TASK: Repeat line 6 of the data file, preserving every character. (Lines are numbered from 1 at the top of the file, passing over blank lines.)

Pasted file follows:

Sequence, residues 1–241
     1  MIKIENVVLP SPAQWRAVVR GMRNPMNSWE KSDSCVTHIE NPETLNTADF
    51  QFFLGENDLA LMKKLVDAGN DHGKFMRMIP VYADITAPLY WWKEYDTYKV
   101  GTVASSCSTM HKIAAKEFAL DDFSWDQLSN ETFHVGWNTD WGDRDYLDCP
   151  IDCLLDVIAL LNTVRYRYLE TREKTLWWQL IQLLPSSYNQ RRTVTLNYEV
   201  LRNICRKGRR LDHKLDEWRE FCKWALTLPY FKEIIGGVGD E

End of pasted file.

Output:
   201  LRNICRKGRR LDHKLDEWRE FCKWALTLPY FKEIIGGVGD E